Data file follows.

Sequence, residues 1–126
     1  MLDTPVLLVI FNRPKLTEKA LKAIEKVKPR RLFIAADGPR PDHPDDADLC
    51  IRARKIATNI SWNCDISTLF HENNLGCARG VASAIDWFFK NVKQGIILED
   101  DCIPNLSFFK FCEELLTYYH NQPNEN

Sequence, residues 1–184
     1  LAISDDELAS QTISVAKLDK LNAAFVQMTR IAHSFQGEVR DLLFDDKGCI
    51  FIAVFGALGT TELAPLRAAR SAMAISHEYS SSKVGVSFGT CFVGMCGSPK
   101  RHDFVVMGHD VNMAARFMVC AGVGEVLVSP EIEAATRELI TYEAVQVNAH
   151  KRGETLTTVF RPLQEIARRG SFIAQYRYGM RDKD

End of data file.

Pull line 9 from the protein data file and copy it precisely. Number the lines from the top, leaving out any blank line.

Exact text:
   151  KRGETLTTVF RPLQEIARRG SFIAQYRYGM RDKD